// send resume request to debugger
  fireModelEvent(new ResumeRequest());

Eclipse provides a nice base class for all model parts: DebugElement. We add our own base class TextDebugElement on top of that. Right now it does nothing, but we will need it for the next tutorial.

The first thing we see is, that the model needs to track the state of the debugger (line 4, 35, 41, ...). This is necessary to enable/disable debugging options on the toolbar.

In the constructor we fire a creation event (line 13). This event is sent to the Eclipse Debug Framework and might trigger UI interactions (like the switch to the debug perspective). After that we create a TextProcess and again fire a creation event for that. We will see this pattern all the time when interacting with the framework. Whenever we think that something relevant has changed, we need to inform the framework of that change by sending an event. There is no other means of interaction available for our model.

handleEvent() is the counterpart to TextDebugger.handleEvent(). On a DebuggerStartedEvent we create a new Thread, adjust our state model and tell Eclipse that our debugger is in suspended mode. Eclipse will then enable the resume toolbar button for us. When the TerminateEvent arrives we need to shut down our scheduler, otherwise it would run forever.

Before Eclipse really enables the resume button (as described above) it queries our model calling canResume(). We only allow Eclipse to resume when the debugger is currently suspended. resume() then triggers a new event that is passed to the Dispatcher and finally handled by the debugger.

TextDebugTarget needs to implement lots of interfaces for breakpoint handling, terminate/resume/suspend support and many things more. Right now these implementations will simply throw exceptions as they are not implemented yet. Within the next tutorials we will improve them step by step.

TextProcess and TextThread are almost empty, so we do not need to investigate them right now.

Step 4: Add debugging support to launchers

When we created our launch extensions, we just allowed run modes. To add debug launch targets open com.codeandme.debugger.textinterpreter.ui/plugin.xml and switch to Extensions.
  • First go to the launchConfigurationType and set modes to "run,debug"
  • Next locate our launchConfigurationTabGroup and add a new launchMode. There set mode to "debug" and perspective to "org.eclipse.debug.ui.DebugPerspective".
  • Finally open the launchShortcut and set modes to "run,debug".
Step 5: Adding launch implementation

Open Locate the launch method at the very end of the file and replace it with following code:
 private void launch(final IFile file, final ILaunchConfiguration configuration, final String mode, final ILaunch launch, final IProgressMonitor monitor) {
  // create new interpreter
  TextInterpreter interpreter = new TextInterpreter();

  try {
   if (ILaunchManager.DEBUG_MODE.equals(mode)) {

    // create debugger
    TextDebugger debugger = new TextDebugger(interpreter);

    // create debugTarget
    TextDebugTarget debugTarget = new TextDebugTarget(launch, file);

    // create & launch dispatcher
    EventDispatchJob dispatcher = new EventDispatchJob(debugTarget, debugger);

    // attach dispatcher to debugger & debugTarget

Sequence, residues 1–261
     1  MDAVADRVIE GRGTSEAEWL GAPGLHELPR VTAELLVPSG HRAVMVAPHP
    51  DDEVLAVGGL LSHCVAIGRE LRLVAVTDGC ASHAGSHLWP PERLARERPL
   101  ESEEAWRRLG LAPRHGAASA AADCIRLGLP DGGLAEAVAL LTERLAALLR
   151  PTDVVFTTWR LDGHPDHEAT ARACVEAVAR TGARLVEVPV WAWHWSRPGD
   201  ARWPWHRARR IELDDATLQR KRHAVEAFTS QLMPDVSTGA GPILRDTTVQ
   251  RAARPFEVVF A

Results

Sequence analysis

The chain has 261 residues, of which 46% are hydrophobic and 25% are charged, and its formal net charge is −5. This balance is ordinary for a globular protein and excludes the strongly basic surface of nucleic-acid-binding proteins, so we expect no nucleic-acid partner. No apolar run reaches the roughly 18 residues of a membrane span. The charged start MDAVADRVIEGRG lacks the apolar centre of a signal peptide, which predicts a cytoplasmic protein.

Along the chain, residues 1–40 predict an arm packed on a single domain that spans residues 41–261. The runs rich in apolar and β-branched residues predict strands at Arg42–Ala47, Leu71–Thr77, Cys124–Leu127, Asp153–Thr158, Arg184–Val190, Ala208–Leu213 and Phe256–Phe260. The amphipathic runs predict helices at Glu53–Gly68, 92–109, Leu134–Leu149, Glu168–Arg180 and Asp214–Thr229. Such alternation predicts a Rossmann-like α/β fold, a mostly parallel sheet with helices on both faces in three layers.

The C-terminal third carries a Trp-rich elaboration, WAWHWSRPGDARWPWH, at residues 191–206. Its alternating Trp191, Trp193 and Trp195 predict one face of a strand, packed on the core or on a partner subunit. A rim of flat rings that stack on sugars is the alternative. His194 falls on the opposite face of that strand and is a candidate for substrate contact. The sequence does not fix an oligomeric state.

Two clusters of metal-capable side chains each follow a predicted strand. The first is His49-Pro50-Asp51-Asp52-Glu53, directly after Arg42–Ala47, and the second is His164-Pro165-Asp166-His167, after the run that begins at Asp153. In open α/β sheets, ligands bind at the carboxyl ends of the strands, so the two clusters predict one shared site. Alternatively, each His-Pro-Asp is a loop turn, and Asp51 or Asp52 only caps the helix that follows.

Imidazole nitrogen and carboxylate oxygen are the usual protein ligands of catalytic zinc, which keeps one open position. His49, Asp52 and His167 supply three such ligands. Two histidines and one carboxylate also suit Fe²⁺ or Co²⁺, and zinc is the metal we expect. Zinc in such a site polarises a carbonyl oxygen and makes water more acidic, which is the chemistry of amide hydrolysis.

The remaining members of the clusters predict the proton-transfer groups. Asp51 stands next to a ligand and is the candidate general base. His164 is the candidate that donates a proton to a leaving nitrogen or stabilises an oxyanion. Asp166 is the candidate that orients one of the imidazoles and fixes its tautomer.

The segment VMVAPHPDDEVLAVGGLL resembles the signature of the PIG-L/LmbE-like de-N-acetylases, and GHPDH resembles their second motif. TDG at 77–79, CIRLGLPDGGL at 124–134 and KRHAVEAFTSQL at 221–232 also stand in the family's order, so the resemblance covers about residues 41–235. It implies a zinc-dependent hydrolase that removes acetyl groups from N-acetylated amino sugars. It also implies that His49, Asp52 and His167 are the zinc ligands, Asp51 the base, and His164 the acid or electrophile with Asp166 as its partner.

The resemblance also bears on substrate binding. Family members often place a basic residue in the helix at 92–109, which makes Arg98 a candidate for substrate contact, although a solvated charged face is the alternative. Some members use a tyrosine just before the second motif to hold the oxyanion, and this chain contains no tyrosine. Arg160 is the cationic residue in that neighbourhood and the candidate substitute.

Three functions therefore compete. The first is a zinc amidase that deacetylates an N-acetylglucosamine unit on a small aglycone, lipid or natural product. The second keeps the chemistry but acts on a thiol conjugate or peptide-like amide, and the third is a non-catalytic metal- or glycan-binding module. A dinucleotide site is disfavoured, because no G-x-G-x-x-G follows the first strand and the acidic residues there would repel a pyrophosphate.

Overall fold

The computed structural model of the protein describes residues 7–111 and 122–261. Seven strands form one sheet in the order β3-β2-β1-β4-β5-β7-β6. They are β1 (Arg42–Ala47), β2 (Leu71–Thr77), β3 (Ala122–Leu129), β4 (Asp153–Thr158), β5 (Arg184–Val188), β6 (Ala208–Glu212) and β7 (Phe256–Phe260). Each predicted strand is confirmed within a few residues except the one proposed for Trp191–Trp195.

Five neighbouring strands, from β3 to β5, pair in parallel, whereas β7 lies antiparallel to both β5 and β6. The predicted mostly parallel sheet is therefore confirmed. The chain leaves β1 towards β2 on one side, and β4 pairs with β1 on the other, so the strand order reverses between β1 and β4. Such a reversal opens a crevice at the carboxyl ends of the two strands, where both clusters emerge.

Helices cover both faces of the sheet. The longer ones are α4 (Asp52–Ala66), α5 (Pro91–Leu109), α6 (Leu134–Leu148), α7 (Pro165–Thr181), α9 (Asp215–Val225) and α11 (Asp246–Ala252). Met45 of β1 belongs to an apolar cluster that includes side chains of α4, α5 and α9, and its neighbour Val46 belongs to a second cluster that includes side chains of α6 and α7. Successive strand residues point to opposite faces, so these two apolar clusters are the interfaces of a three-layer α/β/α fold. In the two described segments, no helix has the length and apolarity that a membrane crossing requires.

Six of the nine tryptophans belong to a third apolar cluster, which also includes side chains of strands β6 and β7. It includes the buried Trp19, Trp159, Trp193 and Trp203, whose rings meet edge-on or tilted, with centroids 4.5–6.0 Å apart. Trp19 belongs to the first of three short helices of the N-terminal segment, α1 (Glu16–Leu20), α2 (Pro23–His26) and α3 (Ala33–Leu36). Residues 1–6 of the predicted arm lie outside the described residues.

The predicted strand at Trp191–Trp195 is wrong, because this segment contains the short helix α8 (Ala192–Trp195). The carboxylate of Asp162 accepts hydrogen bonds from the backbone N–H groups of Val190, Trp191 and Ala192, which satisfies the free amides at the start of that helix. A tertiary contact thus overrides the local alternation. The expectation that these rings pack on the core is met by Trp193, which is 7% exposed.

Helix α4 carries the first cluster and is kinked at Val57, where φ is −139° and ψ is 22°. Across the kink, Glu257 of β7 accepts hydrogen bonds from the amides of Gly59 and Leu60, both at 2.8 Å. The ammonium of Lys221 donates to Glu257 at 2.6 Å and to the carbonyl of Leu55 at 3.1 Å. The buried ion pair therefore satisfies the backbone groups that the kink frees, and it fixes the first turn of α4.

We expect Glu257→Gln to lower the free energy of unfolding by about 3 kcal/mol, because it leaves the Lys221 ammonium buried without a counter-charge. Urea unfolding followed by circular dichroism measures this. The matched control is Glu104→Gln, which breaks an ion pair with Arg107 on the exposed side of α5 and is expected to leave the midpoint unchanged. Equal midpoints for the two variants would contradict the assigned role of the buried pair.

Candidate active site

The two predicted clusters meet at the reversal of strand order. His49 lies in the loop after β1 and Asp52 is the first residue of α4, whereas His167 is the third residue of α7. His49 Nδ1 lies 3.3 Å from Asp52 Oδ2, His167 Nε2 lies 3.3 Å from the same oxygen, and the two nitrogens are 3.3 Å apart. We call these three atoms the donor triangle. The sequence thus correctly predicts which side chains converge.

// add debug target to launch


  } catch (Exception e) {
   // TODO handle this exception (but for now, at least know it
   // happened)
   throw new RuntimeException(e);
The basic components we need are:
  • a debugger implementation (lines 9-10)
    The debugger is attached to our interpreter and handles all kinds of debug interactions on client side.
  • A DebugTarget (line 13)
    The DebugTarget is the representative of our debugger on Eclipse side. Whenever the Eclipse Debug Framework needs to interact with our debugger, it calls the DebugTarget to process the request.
  • An asynchronous event dispatcher (16-17)
    As Eclipse debug requests (like resume, step over, ...) originate from the UI, they need to be handled asynchronously. The event dispatcher handles these requests in its own thread.
Step 6: Running the debugger

To track how the debugger works I left some trace messages inside the code. To enable trace output, open your launch configuration, switch to the Tracing tab and select Enable tracing. Then activate com.codeandme.debugger.textinterpreter.debugger and on the right hand side the debug node.

When you run the debugger it will suspend after setting up the interpreter and debugger. When you hit the resume button, you should end up with following console output:
Debugger  : new DebuggerStartedEvent
Dispatcher: [+] DebuggerStartedEvent
Dispatcher: debugger -> DebuggerStartedEvent -> model
Model     : process DebuggerStartedEvent
Model     : new ResumeRequest
Dispatcher: [+] ResumeRequest
Dispatcher: debugger <- ResumeRequest <- model
Debugger  : process ResumeRequest
Debugger  : new ResumedEvent
Dispatcher: [+] ResumedEvent
Dispatcher: debugger -> ResumedEvent -> model
Model     : process ResumedEvent
Hello World
name = Christian
Debugger  : new TerminatedEvent
Dispatcher: [+] TerminatedEvent
Dispatcher: debugger -> TerminatedEvent -> model
Model     : process TerminatedEvent
After we received the DebuggerStartedEvent, our debugger suspends and waits for a ResumeRequest triggered by eclipse. So make sure you hit the resume button to continue execution.

Not much of a debugger so far, but all the basic components are in place. In the following tutorial we will start to fill our model with some spice.